Light smoking is on the rise
Currently, only 15% of Canadians smoke cigarettes, but that’s still five million people! Plus there are millions more people affected by second-hand smoke.
StatsCan has reported that smokers on average smoke 15 cigarettes a day, down from 17 in 2001, and heavy smokers on average go through 28 cigarettes in a day. They found that light smoking, which is defined as 14 or fewer cigarettes per day, is also increasing, especially among young women.
We are learning more and more about how smoking affects the whole body. Smoking can cause harm to the entire musculoskeletal system — that’s your bones, muscles, joints, ligaments and other connective tissues in your body.
How dense are your bones?
Bones are not dead — rather they are made of living tissues that break down and then rebuild. Smokers have lower bone mineral density; bone density measures how much tissue is in your bones and indicates how strong your bones are.
Dense bones are genetically determined, meaning people in your family will have similar bone composition. But our bones start becoming less dense at around 30 years old — the time when we’ve reached peak bone density. When the body uses up the calcium stored in our bones and the bone cells are reabsorbed by the body faster than new cells are made, the bones lose density and become thinner and weaker.
Genetic differences in bone density
Women generally have lower bone mineral density than men, their peak bone density is weaker, and hormonal changes during menopause speed up bone loss. This is why women are more prone to developing osteoporosis. Osteoporosis Canada states that “at least one in three women and one in five men will break a bone due to osteoporosis in their lifetime.”
Smoking speeds up that process of losing bone mineral density, making your bones weaker and more likely to break. Smoking decreases the absorption of calcium and vitamin D and affects hormone levels. It’s been found that smoking causes low bone mineral density, especially in menopausal women. But now it’s recognized that smoking is also a risk factor for bone loss in men 50 years or older.
Smoking can increase your risk for spine and hip fractures. Hip fractures are deadly — with mortality rates as high as 24% reported in the year after the break. Studies have reported that a 50-year-old woman may have an equal chance of dying from a hip fracture as from breast cancer.
Smoking increases surgery and infection risks
Some bone fractures require surgery, depending on the severity of the break. Cigarette smokers are more at risk to have complications before, during, and after undergoing surgery. Smokers need more oxygen after surgery and for a longer time than non-smokers.
Cigarette smoke contains more than 4000 chemicals, some of which encourage bacterial growth and restrict the flow of oxygen to the damaged tissues. Any wounds or surgical incisions take longer to heal when smoking and are more prone to infection. Because of this, minimally invasive surgery is recommended.
Smoking delays healing
Most bones can heal fractures on their own without surgery, but smoking affects these processes. Fractures that achieve union are those that have healed in an expected length of time. Whereas a delayed union takes longer to heal and a nonunion is when a bone fails to heal on its own and may require surgery. About 5% of bone fractures fail to completely heal and then progress to nonunion.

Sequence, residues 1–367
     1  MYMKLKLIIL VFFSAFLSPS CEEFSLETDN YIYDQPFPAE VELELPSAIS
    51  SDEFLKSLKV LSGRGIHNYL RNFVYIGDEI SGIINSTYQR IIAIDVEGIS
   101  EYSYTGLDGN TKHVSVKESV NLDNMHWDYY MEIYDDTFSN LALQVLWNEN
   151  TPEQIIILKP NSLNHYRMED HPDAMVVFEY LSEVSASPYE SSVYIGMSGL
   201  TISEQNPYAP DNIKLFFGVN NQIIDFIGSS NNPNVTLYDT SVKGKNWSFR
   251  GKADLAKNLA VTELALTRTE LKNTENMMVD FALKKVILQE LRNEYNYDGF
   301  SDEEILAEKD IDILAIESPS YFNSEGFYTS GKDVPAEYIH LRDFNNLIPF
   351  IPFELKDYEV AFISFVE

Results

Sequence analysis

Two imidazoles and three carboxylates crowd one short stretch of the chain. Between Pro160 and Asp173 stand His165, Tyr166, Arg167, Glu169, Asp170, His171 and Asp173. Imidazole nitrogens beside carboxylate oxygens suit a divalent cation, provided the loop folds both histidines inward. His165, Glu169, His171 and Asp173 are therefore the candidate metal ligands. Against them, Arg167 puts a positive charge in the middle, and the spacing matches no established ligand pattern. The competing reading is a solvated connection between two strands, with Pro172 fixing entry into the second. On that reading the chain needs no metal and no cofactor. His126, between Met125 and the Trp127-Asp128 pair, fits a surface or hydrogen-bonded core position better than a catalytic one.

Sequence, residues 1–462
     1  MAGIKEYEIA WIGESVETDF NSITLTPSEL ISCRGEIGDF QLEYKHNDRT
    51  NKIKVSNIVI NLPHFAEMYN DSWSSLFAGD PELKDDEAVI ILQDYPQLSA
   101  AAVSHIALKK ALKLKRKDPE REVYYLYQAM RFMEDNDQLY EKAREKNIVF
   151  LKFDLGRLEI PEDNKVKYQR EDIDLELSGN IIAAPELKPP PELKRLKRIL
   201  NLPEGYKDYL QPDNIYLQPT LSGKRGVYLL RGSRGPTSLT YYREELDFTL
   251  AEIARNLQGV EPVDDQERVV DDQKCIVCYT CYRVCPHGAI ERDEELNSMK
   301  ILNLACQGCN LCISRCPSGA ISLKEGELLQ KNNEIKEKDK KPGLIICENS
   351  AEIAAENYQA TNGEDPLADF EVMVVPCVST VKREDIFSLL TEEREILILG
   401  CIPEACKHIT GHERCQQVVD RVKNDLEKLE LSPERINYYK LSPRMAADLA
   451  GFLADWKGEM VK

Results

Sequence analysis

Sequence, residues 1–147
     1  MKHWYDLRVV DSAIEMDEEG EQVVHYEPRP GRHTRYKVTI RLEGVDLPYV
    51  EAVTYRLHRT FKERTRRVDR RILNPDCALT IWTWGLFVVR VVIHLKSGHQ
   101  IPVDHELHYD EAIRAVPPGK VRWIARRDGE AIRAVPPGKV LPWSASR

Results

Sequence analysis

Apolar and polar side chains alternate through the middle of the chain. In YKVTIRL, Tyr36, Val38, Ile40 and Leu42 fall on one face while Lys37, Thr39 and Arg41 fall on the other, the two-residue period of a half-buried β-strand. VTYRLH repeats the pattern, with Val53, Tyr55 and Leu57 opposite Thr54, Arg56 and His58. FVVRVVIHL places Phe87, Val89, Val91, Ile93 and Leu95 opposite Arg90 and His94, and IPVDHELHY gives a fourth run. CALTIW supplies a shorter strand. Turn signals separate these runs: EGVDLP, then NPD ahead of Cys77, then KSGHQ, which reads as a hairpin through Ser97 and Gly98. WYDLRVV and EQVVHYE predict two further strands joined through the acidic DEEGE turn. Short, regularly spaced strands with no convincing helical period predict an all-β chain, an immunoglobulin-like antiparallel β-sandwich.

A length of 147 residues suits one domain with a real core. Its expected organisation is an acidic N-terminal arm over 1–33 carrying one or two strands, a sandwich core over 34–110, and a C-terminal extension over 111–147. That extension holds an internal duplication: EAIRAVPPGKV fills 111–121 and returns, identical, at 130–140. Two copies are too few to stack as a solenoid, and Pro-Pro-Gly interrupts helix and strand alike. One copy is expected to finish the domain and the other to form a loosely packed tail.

Studies have shown that current smokers are 37% less likely to achieve union, that is to have a fracture fully healed, compared to non-smokers. Quitting smoking does have an impact, but former smokers are still 32% less likely to achieve union compared to non-smokers. A study of shinbone fractures found that smokers are significantly more likely to develop delayed unions and nonunions and more than three times more likely to have impaired bone healing.
All patients are encouraged to quit smoking, especially before and after surgery. Long term smokers may have permanent artery damage, which causes poor blood flow to the area of the body with the fracture. But quitting smoking does seem to improve healing, especially when younger.
Using ultrasound therapy to heal fractures in smokers
Low-Intensity Pulsed Ultrasound (LIPUS) has been shown to improve healing of fractures in people who smoke. LIPUS devices can be placed directly on the skin above the fracture to deliver a mechanical force to stimulate bone healing. Ultrasound therapy does not hurt or cause any harm to the body. Most patients do not feel any sensation, while a few might experience a slight tingly feeling. The best part is that ultrasound treatment only takes twenty minutes a day and can be done at home without medical supervision.
LIPUS treatment has even been shown to accelerate healing more in smokers than non-smokers. A study found that LIPUS therapy healed shinbone fractures 38% faster in nonsmokers, but 41% faster in smokers. Pre-clinical models prove that LIPUS devices, such as Melmak, promote the growth of new blood vessels which bring more blood flow to the affected tissues.
LIPUS fracture healing is available to all Canadians through Medlines Inc. which rents the devices with a subsidized program for patients without insurance. Many insurance companies, including the Workers’ Compensation Board, cover the cost of the Melmak device. Fracture Healing also provides one-on-one training to get you back to feeling better sooner.
To improve your health, it’s always best to quit smoking as early as possible. If you do smoke and have broken a bone, contact Fracture Healing or Medlines Inc. to learn more about the benefits of ultrasound therapy.